Neuropsychology and ophthalmology
Ophthalmology and Fabry disease
The information on this page is tailored for neurologists, ophthalmologists and mental health professionals. For more detailed information on the cause, inheritance, diagnosis and management of Fabry disease, please refer to our ‘About Fabry disease’ page.
Ophthalmological abnormalities in Fabry disease are the result of GL-3 accumulation in ocular structures.1 Click on the headings to learn about the most specific ocular manifestations of Fabry disease.
Ophthalmological examination should be carried out in every case of suspected Fabry disease. Some of the eye abnormalities are present in most individuals with Fabry disease and can be helpful in confirming a diagnosis. For example, conjunctival vessel abnormalities and corneal verticillata are both relatively common. In fact, corneal verticillata are highly sensitive for diagnosis of Fabry disease, as well as being highly specific.1
- The most characteristic manifestations are increased vessel tortuosity, venous vascular aneurysmal dilation and ‘sludging’ of blood in the small blood vessels, most commonly seen in the inferior bulbar conjunctiva.
- Abnormal storage of GL-3 induces degenerative changes in vessel walls that are responsible for weak mechanical resistance to blood pressure.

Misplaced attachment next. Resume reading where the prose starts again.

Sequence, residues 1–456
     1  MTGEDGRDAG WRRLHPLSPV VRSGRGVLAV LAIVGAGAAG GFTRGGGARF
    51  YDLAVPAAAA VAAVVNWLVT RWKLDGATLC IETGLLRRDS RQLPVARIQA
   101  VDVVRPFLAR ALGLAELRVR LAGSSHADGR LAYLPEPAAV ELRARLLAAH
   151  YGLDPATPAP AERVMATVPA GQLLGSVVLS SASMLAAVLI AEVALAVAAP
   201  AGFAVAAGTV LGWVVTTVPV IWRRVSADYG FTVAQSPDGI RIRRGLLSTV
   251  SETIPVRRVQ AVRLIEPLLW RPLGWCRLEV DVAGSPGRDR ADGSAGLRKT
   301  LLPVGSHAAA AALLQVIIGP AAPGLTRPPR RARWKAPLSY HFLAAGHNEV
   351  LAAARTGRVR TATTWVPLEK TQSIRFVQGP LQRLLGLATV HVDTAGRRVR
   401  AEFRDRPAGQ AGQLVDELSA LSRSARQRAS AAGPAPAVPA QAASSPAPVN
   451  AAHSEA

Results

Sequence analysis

- Corneal verticillata are common, consisting of bilateral whorl-like opacities in the superficial corneal layers. In the early stages, the opacities may form fine horizontal lines, but later develop into curving lines, radiating from a point below the centre of the cornea.
- Corneal verticillata have been described in almost all patients with Fabry disease and are therefore considered the most reliable marker of disease.
- Other causes of corneal verticillata include:
- Use of medications such as amiodarone, chloroquine and hydroxychloroquine
- Multiple myeloma
- Neurotrophic keratitis
- Lisch corneal dystrophy
- Epidemic keratoconjunctivitis
- Iron deposition
- Stromal deposition
Two specific types of lens opacity have been reported in Fabry disease patients: anterior capsular or subcapsular cataract, and a radial posterior subcapsular cataract. Posterior subcapsular cataracts are rare but are very specific for the disease (and are hence termed ‘Fabry cataracts’).
- Mainly represented by increased tortuosity of the retinal vessels associated with venous dilation and arteriolar narrowing.
- Sodi A, Ioannidis A & Pitz S. Ophthalmological manifestations of Fabry disease. In: Fabry disease: perspectives from 5 years of FOS. Oxford: Oxford PharmaGenesis; 2006.
- American Academy of Ophthalmology. EyeWiki: Cornea Verticillata. March 2021. Available at:
- Germain DP. Fabry disease. Orphanet J Rare Dis. 2010;5:30.
Psychology and Fabry disease
When should you suspect Fabry disease?